The opinion of the court was delivered by: Oxner, Justice.
Appellants, the sole heirs at law of J.W. Priester who died intestate on or about May 28, 1932, seized and possessed of a 41-acre tract of land in Allendale County, seek in this action to set aside a tax deed made to the Forfeited Land Commission on December 7, 1938. The 41-acre tract was conveyed by the Commission on February 20, 1939, to one L.T. Pendarvis who thereupon went into possession. On April 10, 1946, Pendarvis conveyed said property to respondent Carlisle Brabham who has since been in continuous possession.
The tax sale was held in December, 1937, to satisfy delinquent taxes for the years 1927 through 1936. During this period the property was assessed for taxation in the name of J.W. Priester. Appellants claim that the tax sale was null and void because for some of the years mentioned the property was not assessed in the name of the true owners, and allege in their complaint that the three deeds under which respondent claims title "should be cancelled of record as being a cloud on the title and interests of plaintiffs."
In his answer respondent interposed numerous defenses, among them that the action was one to remove cloud on title and could not be maintained for the reason that at the time of the commencement of this action and for a number of years prior thereto, respondent had been in exclusive possession of the property.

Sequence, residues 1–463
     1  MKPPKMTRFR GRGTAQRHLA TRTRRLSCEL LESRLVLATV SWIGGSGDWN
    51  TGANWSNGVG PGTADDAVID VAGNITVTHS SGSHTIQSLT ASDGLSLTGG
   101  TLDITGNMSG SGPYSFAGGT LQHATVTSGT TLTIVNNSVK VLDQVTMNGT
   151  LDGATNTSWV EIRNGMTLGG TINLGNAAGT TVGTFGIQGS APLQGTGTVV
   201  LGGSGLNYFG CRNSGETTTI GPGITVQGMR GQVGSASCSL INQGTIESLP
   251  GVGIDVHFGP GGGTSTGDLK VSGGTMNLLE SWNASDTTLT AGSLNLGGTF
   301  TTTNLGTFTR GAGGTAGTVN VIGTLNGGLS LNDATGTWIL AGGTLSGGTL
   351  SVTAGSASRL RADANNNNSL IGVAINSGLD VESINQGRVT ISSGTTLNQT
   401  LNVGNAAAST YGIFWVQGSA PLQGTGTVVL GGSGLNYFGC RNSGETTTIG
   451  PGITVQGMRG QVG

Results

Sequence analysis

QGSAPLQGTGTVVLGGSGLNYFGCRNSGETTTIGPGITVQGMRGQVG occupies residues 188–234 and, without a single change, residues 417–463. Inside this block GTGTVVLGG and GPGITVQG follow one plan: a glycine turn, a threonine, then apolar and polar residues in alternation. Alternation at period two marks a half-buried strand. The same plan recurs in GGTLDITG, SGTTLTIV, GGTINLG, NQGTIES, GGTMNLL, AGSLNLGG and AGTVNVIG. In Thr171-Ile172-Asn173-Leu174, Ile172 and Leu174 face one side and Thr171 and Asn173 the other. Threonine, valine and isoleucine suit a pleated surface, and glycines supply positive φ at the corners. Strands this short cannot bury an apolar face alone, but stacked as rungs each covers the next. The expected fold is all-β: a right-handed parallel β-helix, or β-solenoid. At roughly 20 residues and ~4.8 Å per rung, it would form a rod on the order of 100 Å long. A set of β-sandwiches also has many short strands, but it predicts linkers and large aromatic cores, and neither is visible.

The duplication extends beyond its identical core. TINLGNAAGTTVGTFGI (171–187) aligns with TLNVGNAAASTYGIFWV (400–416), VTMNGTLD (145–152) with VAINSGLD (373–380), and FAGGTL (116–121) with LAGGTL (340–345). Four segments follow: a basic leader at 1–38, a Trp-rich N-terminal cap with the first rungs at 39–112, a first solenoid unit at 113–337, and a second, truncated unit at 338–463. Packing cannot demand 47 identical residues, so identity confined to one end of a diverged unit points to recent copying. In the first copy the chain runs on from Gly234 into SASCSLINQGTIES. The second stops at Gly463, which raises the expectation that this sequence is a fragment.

It is argued that the action is primarily one for partition and sale of the property and division of the proceeds between appellants, who claim that as holders of the legal title they are in constructive possession of the 41-acre tract of land. But there is no exception to the holding of the Court below that the complaint states only a cause of action to remove cloud on title and should be dismissed because appellants are not in possession. This conclusion, right or wrong, is now the law of the case. Wilson v. Dove, 118 S.C. 256, 110 S.E. 390; Jennings v. Southern Standard Ins. Co., 172 S.C. 496, 174 S.E. 433; Bunton v. South Carolina State Highway Department, 186 S.C. 463, 196 S.E. 188; Davis v. Palmetto Quarries Co., 212 S.C. 496, 48 S.E.2d 329. In State v. Alexander, S.C. 95 S.E.2d 160, 163, we said: "[W]e cannot consider a question which is not properly raised by an appropriate exception."
Regarding the complaint, as we must in view of the construction placed upon it by the Circuit Judge to which there is no exception, as one to remove cloud on title, it follows that appellants, who the undisputed facts show are not in possession, cannot maintain this action. Pollitzer v. Beinkempen, 76 S.C. 517, 57 S.E. 475; Wilson v. Dove, supra, 118 S.C. 256, 110 S.E. 390; Lancaster v. Miller, 151 S.C. 233, 148 S.E. 371. If appellants thought the complaint stated facts warranting other relief, the question should have been raised by a proper exception.
In view of the foregoing conclusion we need not consider the exceptions. It may not be amiss, however, to say that it is very doubtful whether they are sufficient to raise the issues of laches and the statute of limitations discussed in appellants' brief.
Judgment affirmed and complaint dismissed.
STUKES, C.J., and TAYLOR and LEGGE, JJ., concur.
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